Especially as it is followed by:

"If a book editor contacts you and asks you point blank if it is a self-published book, then you must decide if you want to lie and risk pissing off the book editor or worse... "

So what do other authors think about misdirection and lies of omission to avoid the roadblocks normally faced by self-published books?

Friday, October 19, 2007

SubSurdity by Eric Arvin

TITLE: SubSurdity: Vignettes from Jasper Lane
AUTHOR: Eric Arvin
PRICE: 12.95
GENRE: Literature/Gay and Lesbian
ISBN: 978-0595-45482-2
PUBLISHER: Iuniverse

Snooty, sexually repressed, self-righteous, bible-beating suburban lawn Nazi Melinda Louise Gold has the perfect suburban life: perfect hair, perfect clothes, and a house that just screams, “Look at me!” Life couldn’t be more perfect on Jasper Lane. And then James moved into the neighbourhood with his running shorts and exposed nipples, adding just one too many half-naked gay men to her perfect paradise. But sometimes the illusion of paradise is just that, what goes on behind closed doors may not be as pretty as the shutters on the house. This story got off to a roaring start.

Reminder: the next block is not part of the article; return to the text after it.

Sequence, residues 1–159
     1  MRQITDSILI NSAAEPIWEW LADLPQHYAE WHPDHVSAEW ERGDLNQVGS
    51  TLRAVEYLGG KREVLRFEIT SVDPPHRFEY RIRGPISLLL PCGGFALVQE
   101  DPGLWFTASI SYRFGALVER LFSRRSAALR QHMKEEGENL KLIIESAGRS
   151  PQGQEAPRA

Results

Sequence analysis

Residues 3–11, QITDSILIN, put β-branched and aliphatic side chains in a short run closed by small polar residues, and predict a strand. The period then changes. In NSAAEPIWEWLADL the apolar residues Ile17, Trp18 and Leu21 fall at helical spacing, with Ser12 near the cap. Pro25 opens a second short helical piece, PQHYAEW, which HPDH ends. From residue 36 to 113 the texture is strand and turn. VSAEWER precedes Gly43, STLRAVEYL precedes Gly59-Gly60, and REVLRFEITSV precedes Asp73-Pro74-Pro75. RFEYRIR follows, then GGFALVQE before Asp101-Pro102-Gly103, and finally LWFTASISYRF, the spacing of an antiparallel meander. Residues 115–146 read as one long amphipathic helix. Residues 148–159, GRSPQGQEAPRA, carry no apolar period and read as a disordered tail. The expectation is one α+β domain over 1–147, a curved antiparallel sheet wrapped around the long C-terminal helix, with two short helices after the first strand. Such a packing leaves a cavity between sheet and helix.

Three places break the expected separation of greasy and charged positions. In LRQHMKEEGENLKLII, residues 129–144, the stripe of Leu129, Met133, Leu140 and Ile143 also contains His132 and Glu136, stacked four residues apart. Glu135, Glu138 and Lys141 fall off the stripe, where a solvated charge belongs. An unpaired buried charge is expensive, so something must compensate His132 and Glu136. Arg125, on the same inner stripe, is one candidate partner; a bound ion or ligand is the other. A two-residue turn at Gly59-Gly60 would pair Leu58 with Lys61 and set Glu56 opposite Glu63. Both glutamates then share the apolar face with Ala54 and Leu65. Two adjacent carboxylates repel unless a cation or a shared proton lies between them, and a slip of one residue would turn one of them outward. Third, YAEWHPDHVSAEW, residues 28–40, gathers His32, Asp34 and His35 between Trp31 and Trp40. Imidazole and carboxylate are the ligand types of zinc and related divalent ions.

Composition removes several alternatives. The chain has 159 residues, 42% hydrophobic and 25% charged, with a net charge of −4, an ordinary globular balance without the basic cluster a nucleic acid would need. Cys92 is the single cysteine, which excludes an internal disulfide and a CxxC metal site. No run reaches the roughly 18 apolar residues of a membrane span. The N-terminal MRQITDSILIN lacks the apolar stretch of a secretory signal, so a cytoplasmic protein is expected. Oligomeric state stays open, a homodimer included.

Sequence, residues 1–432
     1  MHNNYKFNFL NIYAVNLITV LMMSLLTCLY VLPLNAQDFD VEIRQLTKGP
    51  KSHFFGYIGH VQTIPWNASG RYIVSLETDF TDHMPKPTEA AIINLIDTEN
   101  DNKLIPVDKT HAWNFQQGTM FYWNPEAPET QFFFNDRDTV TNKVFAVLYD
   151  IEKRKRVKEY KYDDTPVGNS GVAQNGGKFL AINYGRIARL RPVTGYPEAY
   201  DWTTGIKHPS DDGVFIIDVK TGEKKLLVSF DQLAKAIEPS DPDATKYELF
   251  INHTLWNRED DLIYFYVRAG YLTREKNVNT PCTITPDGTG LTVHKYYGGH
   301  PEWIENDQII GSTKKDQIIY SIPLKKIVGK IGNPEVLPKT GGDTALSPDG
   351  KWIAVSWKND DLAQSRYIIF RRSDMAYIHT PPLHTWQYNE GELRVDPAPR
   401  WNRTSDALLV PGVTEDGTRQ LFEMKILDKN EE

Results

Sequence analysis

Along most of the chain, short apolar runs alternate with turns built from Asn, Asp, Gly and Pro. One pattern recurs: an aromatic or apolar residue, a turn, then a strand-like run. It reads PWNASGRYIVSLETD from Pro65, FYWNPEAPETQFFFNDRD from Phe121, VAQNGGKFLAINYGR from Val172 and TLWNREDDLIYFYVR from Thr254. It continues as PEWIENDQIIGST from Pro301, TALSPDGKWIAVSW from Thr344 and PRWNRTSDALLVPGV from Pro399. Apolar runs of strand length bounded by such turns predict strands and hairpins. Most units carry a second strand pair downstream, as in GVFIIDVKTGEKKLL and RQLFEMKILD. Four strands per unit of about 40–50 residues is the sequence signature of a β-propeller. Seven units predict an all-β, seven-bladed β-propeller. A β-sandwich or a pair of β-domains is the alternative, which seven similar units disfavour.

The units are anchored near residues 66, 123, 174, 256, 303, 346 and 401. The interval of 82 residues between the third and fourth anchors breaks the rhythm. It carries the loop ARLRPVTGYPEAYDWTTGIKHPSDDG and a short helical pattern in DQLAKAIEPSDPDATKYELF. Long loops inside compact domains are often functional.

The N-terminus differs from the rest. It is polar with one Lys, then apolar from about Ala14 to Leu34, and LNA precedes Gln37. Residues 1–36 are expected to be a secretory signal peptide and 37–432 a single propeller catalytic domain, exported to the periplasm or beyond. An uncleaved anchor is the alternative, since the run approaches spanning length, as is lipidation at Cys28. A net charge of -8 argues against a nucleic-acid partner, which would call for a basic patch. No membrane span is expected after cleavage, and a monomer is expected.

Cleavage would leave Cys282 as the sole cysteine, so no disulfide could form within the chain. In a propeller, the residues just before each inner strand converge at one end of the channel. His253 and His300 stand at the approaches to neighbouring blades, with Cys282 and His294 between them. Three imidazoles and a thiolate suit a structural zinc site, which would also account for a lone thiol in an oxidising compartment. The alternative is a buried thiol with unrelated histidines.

As we meet the cast of characters:
Terrence gives Ricky sanctuary upon his break-up with a gambling addict, which resulted in the loss of his eye; and then there is David and his porn star steroid enhanced boyfriend Cliff; Cassie with the secret government agent dead husband, whom everyone gossips that she might have killed him herself; Becky who does editing in the porn industry…Not to mention Steve, who recently lost his job and can’t begin to fathom how to overcome his feelings of being a disappointment to his wife. We also have sexy UPS men, a drag queen, and naked running military man who has just discovered he shares a secret with his deceased uncle.